Part of this vision is placed in the capable hands of saxophonists Eric Marienthal and Ernie Watts. Marienthal is featured on the jazzy Captain Bacardi, and his melodic inventiveness transforms the song in ways that surpassed Lee Ritenour’s expectations of as special reunion: “Not many people remember that Jobim wrote a few blues tunes. Dave Grusin and I used to play this song quite often years ago and when I invited him to play on the album, he immediately remembered our history with the song.” Marienthal, who’s close enough to Brazil to understand the way music integrates with the rest of life, follows Lee’s direction, and the song swings and sways with a straight ahead feel not hinted at in the original. And Stone Rower, with it’s propulsive drive gives Hancock, Steve Tavaglione, John Pattitucci and Russell Ferrante room to stretch.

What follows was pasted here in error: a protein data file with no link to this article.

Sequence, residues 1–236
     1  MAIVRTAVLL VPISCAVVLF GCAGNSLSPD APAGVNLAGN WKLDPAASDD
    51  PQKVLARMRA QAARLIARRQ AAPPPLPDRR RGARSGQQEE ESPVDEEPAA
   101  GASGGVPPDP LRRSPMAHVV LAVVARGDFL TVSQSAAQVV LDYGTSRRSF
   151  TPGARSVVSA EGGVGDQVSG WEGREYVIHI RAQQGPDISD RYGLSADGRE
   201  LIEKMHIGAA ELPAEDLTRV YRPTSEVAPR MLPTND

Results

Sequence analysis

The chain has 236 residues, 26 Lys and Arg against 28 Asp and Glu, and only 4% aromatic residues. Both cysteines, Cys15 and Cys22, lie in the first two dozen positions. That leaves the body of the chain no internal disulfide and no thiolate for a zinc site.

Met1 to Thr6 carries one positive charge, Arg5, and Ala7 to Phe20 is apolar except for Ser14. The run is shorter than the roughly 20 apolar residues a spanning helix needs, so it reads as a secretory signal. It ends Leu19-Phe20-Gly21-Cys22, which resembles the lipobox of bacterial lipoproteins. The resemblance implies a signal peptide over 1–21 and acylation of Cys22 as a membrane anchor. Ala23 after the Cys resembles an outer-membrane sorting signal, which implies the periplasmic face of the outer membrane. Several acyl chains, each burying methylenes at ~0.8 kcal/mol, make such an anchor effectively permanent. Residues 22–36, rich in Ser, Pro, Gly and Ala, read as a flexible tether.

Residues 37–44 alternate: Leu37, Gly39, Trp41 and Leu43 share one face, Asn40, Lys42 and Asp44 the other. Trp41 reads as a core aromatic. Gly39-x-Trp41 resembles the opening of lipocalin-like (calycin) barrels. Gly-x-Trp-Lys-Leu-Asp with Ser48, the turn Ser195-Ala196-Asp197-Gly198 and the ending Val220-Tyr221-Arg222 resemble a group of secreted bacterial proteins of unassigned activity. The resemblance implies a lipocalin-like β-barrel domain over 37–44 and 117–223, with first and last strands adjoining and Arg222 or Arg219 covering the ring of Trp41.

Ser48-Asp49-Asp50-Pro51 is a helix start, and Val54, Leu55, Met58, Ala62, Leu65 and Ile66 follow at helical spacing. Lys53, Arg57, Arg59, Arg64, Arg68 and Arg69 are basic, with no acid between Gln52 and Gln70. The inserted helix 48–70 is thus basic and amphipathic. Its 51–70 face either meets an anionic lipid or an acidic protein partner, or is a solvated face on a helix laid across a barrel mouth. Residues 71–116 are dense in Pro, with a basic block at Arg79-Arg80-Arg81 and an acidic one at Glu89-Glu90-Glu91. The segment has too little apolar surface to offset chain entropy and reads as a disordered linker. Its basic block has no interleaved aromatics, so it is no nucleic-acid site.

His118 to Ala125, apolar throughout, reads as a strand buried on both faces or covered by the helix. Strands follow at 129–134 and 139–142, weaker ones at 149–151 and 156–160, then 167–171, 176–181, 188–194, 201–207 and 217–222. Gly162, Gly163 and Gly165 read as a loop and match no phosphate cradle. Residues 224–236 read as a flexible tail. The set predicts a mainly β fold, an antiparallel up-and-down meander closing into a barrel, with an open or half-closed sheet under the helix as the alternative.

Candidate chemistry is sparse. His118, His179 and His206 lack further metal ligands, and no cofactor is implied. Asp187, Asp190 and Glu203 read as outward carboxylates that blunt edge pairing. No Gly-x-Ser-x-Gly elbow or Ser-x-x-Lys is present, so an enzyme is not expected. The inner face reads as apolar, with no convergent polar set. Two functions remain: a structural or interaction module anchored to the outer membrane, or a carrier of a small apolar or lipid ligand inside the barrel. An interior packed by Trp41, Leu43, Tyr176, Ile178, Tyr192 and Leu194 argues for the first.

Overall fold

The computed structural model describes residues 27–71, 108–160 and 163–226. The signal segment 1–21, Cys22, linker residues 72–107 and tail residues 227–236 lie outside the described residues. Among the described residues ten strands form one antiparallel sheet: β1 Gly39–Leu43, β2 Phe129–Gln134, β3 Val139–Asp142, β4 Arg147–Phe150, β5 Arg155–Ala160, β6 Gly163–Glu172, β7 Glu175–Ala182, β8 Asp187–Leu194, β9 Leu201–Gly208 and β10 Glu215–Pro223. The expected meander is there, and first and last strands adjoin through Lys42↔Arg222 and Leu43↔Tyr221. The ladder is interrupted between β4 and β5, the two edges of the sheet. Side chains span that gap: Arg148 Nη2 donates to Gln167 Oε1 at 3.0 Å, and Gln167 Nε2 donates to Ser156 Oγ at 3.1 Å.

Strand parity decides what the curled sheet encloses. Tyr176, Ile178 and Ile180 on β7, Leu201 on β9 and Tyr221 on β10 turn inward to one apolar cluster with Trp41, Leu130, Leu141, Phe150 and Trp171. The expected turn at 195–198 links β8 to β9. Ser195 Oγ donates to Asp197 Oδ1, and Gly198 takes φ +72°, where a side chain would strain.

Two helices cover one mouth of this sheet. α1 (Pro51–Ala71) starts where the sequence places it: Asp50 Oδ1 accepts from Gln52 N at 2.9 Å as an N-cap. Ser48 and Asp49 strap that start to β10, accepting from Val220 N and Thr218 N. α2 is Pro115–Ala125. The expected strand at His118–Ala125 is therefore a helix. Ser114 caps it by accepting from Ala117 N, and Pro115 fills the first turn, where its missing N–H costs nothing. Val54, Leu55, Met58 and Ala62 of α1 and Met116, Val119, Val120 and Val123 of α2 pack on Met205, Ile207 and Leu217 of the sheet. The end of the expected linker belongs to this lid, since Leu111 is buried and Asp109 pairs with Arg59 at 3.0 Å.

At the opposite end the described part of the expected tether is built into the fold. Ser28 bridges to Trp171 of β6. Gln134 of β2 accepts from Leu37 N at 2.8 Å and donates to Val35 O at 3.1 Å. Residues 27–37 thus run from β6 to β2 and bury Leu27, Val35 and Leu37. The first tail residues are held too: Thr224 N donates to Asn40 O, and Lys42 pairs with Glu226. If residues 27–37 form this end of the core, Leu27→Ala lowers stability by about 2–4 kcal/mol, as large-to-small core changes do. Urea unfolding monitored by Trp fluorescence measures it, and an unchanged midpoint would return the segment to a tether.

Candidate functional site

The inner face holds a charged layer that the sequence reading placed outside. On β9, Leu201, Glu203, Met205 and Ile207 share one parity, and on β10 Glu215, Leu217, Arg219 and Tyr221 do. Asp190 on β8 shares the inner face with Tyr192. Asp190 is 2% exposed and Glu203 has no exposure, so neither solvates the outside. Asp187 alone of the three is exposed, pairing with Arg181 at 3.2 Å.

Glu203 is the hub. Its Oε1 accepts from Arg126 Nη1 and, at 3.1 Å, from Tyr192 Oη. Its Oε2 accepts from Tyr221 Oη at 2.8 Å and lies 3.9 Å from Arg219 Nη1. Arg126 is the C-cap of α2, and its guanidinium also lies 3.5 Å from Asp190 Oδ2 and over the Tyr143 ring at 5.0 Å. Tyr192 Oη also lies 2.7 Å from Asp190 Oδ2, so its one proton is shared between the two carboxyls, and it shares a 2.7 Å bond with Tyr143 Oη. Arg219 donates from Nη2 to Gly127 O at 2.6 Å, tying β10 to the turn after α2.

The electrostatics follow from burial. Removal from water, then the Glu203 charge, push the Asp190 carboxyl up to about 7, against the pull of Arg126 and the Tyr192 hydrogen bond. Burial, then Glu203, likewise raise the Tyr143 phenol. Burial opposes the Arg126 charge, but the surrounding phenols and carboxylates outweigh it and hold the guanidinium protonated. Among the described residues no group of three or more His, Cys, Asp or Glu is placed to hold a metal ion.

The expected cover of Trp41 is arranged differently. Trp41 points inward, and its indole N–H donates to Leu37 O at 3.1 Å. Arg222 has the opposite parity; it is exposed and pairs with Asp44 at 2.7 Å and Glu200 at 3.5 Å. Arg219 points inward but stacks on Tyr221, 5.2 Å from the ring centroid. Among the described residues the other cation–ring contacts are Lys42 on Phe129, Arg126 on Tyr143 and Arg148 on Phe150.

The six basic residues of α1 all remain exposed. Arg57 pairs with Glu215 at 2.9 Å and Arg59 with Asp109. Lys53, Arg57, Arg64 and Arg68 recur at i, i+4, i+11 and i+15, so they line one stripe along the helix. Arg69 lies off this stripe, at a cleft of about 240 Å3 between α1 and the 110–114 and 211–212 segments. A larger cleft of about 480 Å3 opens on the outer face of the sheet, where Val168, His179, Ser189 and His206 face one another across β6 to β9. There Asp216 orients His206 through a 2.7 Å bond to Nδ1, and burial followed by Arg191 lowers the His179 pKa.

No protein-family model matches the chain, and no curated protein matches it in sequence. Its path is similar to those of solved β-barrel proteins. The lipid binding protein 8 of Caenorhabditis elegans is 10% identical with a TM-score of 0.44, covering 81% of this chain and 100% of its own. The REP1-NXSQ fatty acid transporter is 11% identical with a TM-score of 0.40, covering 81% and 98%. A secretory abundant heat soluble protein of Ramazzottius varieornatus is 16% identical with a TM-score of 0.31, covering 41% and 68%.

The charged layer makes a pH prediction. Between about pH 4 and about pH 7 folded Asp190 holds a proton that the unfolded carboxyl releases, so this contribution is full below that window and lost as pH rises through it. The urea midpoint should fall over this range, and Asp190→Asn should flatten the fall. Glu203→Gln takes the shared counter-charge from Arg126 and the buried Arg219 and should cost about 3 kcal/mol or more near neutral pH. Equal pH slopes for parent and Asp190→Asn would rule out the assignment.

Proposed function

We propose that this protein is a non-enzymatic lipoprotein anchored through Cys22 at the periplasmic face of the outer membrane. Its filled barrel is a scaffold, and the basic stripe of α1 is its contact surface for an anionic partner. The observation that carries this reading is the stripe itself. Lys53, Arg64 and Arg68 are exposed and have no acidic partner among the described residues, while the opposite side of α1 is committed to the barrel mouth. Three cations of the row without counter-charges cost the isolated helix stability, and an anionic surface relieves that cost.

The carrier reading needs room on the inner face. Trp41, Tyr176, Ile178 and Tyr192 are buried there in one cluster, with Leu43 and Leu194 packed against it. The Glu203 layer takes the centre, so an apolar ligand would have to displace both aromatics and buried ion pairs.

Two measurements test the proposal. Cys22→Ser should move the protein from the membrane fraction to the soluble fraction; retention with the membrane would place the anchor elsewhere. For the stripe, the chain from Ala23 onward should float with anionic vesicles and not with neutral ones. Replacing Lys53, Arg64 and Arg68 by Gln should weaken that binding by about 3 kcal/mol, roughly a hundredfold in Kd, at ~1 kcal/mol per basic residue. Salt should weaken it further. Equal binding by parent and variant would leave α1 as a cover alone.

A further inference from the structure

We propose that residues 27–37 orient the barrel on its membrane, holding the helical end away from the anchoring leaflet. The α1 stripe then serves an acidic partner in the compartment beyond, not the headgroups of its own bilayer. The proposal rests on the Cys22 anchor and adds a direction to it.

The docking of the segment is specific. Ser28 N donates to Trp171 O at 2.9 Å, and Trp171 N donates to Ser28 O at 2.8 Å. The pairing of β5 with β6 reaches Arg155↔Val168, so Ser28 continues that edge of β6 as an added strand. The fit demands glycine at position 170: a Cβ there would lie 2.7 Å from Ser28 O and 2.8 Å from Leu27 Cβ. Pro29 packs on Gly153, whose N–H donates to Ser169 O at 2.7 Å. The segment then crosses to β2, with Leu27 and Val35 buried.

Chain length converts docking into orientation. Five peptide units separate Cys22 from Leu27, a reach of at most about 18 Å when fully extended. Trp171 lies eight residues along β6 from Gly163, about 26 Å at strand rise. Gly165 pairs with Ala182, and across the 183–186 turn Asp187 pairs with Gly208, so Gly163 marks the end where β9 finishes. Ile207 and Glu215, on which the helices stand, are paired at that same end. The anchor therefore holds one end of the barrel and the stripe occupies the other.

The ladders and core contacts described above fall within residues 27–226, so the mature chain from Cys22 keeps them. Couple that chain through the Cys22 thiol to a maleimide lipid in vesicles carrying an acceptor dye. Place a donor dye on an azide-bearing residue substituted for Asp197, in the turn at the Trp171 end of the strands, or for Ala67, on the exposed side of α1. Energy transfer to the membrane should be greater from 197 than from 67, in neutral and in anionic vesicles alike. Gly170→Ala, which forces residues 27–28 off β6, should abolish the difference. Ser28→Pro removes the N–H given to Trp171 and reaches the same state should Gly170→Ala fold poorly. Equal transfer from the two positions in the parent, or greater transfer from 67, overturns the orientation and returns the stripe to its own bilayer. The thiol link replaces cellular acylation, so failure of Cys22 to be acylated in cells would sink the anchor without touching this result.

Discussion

Back in ’95 Ritenour assembled his first star studded tribute to Jobim at Lincoln Center. That evening became the catalyst for A TWIST OF JOBIM when Lee and his Brazilian wife, Carmen, were overwhelmed by the spirit of the moment. The memories linger here: Herbie Hancock recalls his New York performance with Stone Flower recaptured in this recording. Dave Grusin reflects on Bonita. Brazil’s superstars took the stage to celebrate where it all began for bossa nova in 1962. To honor the man who defined the music for all time. Listen to A TWIST OF JOBIM and you’ll soon realize that Lee Ritenour’s vision of Antonio Carlos Jobim’s music is remarkably similar to me creative flux that originally spawned bossa nova. A development of combined musical styles to reflect the fashion of the day. Adults worldwide have been captured by the warmth and emotion of Jobim’s melodies, and now new generations are discovering that the more things change, the more they really do stay the same. Lee Ritenour has found an exciting way to broaden that idea, making Jobim’s musical legacy relevant for todays contemporary jazz.